Barbecue Bob

Barbecue Bob

American blues musician

Robert Hicks (September 11, 1902 – October 21, 1931), known by the stage name Barbecue Bob, was an early American Piedmont blues musician.[1] His nickname was derived from his working as a cook in a barbecue restaurant.[1] One of the three extant photographs of him show him playing a guitar and wearing a full-length white apron and cook's hat.

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Early life

Hicks was born in Walnut Grove, Georgia.[1] His parents, Charlie and Mary Hicks, were farmers. He and his brother, Charlie Hicks, together with Curley Weaver, were taught how to play the guitar by Curley's mother, Savannah "Dip" Weaver.[1][2] Hicks began playing the 6-string guitar but picked up the 12-string guitar after moving to Atlanta, Georgia, in 1924.[1] He became one of the prominent performers of the newly developing Atlanta blues style.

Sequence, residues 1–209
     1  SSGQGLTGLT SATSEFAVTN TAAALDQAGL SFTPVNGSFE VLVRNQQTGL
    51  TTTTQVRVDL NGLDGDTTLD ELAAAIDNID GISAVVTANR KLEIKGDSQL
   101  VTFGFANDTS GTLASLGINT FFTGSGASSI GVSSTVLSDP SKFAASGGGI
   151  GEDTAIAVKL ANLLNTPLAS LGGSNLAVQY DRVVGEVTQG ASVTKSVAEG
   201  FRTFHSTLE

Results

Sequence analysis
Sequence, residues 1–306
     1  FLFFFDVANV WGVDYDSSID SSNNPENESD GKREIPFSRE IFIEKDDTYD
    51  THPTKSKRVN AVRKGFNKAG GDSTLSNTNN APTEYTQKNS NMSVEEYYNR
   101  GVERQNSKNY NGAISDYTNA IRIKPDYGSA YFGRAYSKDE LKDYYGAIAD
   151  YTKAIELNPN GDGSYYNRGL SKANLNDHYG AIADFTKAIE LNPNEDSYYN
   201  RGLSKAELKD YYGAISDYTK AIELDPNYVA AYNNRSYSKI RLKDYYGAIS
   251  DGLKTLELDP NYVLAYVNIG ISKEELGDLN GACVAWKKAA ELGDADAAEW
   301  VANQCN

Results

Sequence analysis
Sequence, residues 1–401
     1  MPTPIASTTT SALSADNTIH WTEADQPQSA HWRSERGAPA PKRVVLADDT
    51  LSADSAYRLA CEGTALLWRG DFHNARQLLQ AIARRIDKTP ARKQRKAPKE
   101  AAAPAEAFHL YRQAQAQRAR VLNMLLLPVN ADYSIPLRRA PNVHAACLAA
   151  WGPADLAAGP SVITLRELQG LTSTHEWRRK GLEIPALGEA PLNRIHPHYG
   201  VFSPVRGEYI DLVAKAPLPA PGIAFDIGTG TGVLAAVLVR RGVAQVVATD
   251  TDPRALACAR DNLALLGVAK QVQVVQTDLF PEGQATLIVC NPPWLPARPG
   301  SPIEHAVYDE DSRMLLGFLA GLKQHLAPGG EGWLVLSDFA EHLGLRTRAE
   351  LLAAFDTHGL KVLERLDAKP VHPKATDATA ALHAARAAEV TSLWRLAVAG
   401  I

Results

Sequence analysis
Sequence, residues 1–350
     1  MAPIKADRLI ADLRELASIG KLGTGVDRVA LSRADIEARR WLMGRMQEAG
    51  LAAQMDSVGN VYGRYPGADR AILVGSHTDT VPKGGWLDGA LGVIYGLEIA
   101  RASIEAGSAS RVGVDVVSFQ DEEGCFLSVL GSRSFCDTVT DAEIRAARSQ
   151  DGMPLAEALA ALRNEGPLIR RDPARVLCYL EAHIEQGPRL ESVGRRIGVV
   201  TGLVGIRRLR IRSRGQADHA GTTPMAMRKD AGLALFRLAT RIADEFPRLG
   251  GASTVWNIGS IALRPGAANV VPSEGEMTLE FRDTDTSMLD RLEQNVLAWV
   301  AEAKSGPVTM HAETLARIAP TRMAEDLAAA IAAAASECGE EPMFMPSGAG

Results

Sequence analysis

In Atlanta, Hicks worked at various jobs, playing music on the side. While working at Tidwells' Barbecue in a north Atlanta suburb, he came to the attention of Columbia Records talent scout Dan Hornsby. Hornsby recorded him and used Hicks's job to publicize his records, having Hicks pose in chef's whites and hat for publicity photos and dubbing him "Barbecue Bob".[2]


During his short career Hicks recorded 68 78-rpm sides.[1] His first, "Barbecue Blues", was recorded in March 1927.[3] The record quickly sold 15,000 copies and made him a best-selling artist for Columbia's race series. Following this initial success, his next release firmly established him in the race market. At his second recording session, in New York City in June 1927, he recorded "Mississippi Heavy Water Blues", a song inspired by the Great Mississippi Flood of 1927.[4] This song and his other blues releases were popular, and his records sold better than those of other Atlanta blues musicians.[2]